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If you’ve never been to an art fair before, go in with gimlet eyes: There, you will see how the sausage gets made. Increasingly, dealers depend on art-fair revenue to supplement the sales that art galleries—loss leaders in the industry—aren’t making at home. Then consider that art fairs are little more than overstimulating trade conventions, and you see why many in the nonwealthy art-o-sphere dread them. But Washington’s (e)merge Art Fair, now in its second year, offers something different: art, strictly for sale but reasonably easy to absorb in its entirety. It’s not too different from the satellite fairs that take place in a dozen hotels during Art Basel Miami Beach: At (e)merge, dealers set up shop at the hotel (in this case, the Capitol Skyline), posting their wares in the hotel’s rooms for viewers, who stroll through from all around the mid-Atlantic and beyond. (Though Washington’s fair is nothing like Art Basel Miami Beach itself, the mammoth convention-center fair.) The big difference is the performance art, like that of Holly Bass (shown): (e)merge has a ton of it, and it makes the fair more than a market destination. It’s an event that belongs on any art lover’s calendar.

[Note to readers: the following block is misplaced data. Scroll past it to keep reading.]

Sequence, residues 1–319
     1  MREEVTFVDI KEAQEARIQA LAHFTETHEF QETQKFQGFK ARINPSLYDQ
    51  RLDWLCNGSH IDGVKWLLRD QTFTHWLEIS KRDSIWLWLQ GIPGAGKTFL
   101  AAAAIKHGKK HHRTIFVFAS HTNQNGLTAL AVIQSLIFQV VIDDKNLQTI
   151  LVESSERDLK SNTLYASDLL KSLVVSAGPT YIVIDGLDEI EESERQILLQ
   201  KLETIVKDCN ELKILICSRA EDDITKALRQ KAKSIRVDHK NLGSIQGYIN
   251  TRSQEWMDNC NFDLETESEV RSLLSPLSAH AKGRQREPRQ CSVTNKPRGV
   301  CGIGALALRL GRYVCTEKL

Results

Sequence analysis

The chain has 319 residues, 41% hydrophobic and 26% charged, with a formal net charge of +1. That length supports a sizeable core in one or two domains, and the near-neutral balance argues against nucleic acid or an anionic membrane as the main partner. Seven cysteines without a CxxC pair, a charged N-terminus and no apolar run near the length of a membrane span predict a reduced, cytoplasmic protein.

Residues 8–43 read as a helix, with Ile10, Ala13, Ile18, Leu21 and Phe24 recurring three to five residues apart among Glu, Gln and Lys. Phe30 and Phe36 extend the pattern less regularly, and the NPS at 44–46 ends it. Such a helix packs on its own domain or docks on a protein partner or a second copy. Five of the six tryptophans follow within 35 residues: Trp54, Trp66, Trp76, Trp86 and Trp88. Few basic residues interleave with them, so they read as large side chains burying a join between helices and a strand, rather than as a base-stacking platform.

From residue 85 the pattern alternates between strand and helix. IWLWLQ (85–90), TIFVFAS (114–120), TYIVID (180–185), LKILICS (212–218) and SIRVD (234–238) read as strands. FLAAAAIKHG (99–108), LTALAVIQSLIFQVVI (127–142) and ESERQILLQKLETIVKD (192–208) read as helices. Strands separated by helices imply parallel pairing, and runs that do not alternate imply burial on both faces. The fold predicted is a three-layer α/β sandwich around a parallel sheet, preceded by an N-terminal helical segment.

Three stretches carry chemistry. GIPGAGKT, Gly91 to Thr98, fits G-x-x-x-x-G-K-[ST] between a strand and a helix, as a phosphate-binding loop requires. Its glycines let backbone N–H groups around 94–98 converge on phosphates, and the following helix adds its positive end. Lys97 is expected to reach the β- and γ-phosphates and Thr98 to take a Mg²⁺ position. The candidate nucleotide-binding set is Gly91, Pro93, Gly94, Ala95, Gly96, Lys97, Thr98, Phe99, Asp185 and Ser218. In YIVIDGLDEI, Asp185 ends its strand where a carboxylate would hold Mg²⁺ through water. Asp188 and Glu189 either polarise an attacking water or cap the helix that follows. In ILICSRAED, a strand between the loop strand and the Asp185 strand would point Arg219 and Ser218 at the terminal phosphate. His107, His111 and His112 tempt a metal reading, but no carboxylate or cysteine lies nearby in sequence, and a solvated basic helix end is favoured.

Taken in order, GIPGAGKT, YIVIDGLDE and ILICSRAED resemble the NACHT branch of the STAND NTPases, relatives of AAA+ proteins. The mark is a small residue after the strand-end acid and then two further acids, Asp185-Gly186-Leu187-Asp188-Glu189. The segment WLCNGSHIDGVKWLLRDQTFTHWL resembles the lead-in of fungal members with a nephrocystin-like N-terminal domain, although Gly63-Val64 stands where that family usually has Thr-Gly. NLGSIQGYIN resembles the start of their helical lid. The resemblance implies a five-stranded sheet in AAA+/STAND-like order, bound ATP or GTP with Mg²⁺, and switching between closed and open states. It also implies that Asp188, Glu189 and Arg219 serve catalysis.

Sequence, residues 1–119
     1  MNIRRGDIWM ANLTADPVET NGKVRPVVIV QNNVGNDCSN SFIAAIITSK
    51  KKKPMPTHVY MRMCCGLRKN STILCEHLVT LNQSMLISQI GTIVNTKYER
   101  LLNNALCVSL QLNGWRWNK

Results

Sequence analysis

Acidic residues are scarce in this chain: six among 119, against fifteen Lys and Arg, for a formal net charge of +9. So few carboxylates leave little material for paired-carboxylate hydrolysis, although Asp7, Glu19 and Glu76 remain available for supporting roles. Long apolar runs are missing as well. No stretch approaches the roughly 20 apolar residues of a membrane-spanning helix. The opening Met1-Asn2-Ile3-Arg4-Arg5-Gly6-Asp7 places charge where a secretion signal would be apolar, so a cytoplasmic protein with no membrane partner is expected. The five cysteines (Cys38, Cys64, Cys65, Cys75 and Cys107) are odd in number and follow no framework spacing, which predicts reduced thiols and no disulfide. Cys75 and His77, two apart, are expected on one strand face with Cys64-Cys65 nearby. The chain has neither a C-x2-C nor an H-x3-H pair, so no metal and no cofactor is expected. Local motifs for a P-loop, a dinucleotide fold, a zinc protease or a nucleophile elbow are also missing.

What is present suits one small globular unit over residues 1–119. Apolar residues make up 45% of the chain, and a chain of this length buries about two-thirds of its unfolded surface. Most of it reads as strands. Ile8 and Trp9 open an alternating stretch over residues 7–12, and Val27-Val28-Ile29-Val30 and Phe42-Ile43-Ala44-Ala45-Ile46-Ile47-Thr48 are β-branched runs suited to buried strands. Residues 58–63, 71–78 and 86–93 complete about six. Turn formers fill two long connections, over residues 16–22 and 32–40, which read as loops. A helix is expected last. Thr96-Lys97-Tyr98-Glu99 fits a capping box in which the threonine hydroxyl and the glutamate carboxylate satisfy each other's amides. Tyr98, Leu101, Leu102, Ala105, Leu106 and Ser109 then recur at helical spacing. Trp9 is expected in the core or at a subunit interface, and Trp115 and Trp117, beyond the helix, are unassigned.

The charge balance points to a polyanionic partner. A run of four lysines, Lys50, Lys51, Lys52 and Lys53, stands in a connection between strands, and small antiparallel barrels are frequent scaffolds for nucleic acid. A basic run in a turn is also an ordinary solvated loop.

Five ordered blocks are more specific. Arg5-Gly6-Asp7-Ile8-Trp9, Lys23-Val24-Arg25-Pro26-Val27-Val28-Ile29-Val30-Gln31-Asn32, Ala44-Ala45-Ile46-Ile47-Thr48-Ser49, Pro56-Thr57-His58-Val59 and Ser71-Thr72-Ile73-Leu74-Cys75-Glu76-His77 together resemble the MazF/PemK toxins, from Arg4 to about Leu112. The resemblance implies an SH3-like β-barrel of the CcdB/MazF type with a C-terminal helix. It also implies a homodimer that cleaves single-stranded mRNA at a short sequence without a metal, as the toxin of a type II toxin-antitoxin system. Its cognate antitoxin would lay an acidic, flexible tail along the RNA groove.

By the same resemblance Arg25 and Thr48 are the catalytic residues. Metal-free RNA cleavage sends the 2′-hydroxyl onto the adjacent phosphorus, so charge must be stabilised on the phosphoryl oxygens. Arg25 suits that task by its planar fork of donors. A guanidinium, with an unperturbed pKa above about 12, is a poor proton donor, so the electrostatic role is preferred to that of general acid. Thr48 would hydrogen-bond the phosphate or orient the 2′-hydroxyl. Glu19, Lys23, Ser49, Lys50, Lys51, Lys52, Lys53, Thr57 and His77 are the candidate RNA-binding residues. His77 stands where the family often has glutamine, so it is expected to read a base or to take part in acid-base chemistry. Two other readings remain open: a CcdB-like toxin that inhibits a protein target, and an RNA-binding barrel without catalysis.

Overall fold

(e)merge Art Fair runs Oct. 4–7 at the Capitol Skyline Hotel, 10 I St. SW. $15 per day. The fair’s opening party with Eric Hilton begins tonight at 7 p.m. $45 in advance, $60 at the door. emergeartfair.com.